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*On this date in 1942, The Negro Digest was published. This was a magazine for the African American market.
Founded by publisher John H. Johnson of the Johnson Publishing Company, it was first published locally in Chicago, Illinois. The Negro Digest was similar to Reader's Digest but aimed to cover positive stories about the African American community. When he sought financial backing for his first magazine project, he could not find any black or white backers; they all agreed that a magazine aimed at a Black audience had no chance of success.
Johnson then worked at the Supreme Liberty Life Insurance Company, wrote everyone on their mailing list, and solicited a two-dollar prepaid subscription, calculating the amount needed to publish the first issue. He had to use his mother's furniture as a security on a loan to obtain the five hundred dollars needed for postage to mail his letters. Johnson called the magazine the Negro Digest after the Reader's Digest and reprinted articles by and about African American scholars from the African American and Caucasian media. It was edited by Ben Burns. Although called the Negro Digest, it usually contained reproductions of whole articles instead of digests. The letter generated three thousand responses, and the first issue of Negro Digest was published. However, distributors were unwilling to put the periodical on their newsstands, for they believed it would not sell.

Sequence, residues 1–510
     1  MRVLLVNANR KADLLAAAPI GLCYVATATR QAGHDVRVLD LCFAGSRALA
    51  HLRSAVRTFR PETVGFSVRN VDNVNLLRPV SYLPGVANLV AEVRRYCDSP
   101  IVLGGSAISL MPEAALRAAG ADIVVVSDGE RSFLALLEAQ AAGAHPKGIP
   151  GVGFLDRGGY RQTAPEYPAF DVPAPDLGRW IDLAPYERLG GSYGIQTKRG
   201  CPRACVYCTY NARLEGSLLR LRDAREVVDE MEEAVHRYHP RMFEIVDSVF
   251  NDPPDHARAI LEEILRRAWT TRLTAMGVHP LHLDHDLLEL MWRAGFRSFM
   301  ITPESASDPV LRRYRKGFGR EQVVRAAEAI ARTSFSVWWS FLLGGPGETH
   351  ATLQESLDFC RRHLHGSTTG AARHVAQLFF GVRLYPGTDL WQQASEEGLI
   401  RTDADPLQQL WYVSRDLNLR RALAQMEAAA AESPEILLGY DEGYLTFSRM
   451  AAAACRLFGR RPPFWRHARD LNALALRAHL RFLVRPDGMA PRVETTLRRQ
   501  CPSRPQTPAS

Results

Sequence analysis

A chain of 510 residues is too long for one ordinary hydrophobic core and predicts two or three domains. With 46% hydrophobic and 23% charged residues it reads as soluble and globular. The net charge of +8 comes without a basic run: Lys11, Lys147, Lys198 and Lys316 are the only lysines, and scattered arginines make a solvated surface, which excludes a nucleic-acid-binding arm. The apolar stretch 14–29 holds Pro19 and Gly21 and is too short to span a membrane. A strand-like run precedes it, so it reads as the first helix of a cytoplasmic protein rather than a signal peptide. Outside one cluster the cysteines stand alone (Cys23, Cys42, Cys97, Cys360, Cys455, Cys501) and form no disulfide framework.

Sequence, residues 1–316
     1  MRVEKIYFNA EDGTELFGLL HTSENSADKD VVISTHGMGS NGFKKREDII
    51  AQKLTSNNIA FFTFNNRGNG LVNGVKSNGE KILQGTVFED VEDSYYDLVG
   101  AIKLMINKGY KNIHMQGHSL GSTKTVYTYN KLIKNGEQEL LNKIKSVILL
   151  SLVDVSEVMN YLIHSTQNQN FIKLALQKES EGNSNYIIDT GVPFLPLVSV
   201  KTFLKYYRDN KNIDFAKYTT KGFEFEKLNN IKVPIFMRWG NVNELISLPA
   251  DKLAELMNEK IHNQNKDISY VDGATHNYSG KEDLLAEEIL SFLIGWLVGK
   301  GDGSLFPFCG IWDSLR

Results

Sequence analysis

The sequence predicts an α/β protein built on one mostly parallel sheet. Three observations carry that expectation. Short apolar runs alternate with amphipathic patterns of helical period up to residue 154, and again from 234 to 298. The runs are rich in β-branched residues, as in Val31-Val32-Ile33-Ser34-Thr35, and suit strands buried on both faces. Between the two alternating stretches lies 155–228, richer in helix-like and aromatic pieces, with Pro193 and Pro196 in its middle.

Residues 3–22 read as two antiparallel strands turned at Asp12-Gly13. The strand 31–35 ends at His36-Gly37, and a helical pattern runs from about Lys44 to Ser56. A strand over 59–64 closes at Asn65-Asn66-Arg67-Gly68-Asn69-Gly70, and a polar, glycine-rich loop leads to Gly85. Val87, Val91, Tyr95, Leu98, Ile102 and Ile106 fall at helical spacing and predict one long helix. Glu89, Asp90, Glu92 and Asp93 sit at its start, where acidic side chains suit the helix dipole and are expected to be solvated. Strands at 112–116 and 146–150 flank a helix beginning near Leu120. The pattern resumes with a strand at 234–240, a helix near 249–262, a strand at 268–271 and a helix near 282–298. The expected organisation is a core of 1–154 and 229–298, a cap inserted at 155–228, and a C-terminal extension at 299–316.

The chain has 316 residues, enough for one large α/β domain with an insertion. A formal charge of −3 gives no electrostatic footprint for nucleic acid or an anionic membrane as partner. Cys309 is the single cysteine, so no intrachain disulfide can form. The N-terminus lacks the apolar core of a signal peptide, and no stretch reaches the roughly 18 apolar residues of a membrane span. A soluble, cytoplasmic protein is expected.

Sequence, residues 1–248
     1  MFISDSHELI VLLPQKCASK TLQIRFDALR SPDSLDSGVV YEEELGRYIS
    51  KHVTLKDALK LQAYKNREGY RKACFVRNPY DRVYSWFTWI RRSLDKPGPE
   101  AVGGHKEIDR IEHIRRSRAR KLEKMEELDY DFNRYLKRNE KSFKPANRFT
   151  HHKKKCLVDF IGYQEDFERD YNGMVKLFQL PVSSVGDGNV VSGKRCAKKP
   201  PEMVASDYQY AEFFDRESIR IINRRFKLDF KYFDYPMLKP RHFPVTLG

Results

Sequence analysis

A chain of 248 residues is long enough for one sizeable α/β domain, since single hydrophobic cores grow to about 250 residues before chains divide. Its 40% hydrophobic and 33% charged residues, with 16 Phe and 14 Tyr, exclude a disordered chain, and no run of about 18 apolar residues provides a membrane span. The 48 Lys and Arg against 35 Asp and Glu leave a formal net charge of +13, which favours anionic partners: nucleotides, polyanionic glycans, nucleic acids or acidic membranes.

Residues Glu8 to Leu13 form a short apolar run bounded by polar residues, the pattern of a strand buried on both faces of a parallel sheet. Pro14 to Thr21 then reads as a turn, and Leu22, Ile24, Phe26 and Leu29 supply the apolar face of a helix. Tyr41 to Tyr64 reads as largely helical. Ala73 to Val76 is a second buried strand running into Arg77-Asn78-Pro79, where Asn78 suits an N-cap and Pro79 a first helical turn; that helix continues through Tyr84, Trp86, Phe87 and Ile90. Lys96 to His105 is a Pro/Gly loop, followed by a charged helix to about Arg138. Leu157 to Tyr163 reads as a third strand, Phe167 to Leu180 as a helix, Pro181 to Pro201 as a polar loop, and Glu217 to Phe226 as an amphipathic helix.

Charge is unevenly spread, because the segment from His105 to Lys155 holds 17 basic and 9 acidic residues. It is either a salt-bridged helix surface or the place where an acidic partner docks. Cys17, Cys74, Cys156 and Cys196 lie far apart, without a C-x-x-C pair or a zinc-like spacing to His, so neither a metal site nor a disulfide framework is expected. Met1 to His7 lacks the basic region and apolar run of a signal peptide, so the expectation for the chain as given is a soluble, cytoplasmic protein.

Johnson persuaded his friends to haunt their neighborhood newsstands, demanding copies of Negro Digest. Joseph Levy, a magazine distributor, was impressed and formed an alliance with Johnson. He provided valuable marketing ideas and opened the doors that allowed Negro Digest to hit the newsstands in other urban centers. The very first issue of The Negro Digest sold about 3,000 copies. Over six months, the magazine published close to 50,000 copies per month. One of the magazine's most interesting and well-known columns was entitled "If I Were a Negro." This column concentrated strongly on the unsolicited advice the Black race had received by asking prominent citizens, mainly whites, to resolve unsolved Black problems.
As a result of First Lady Eleanor Roosevelt's contribution to the popular column "If I Were a Negro," the copies sold doubled overnight. Following 1945, John H. Johnson created other African American magazines, including Ebony and Jet. As a result of the publication of these two magazines, the circulation of The Negro Digest tended to decline. The Negro Digest ceased publications in 1951 but later returned in 1961. In 1970, The Negro Digest was renamed Black World and was published until April 1976.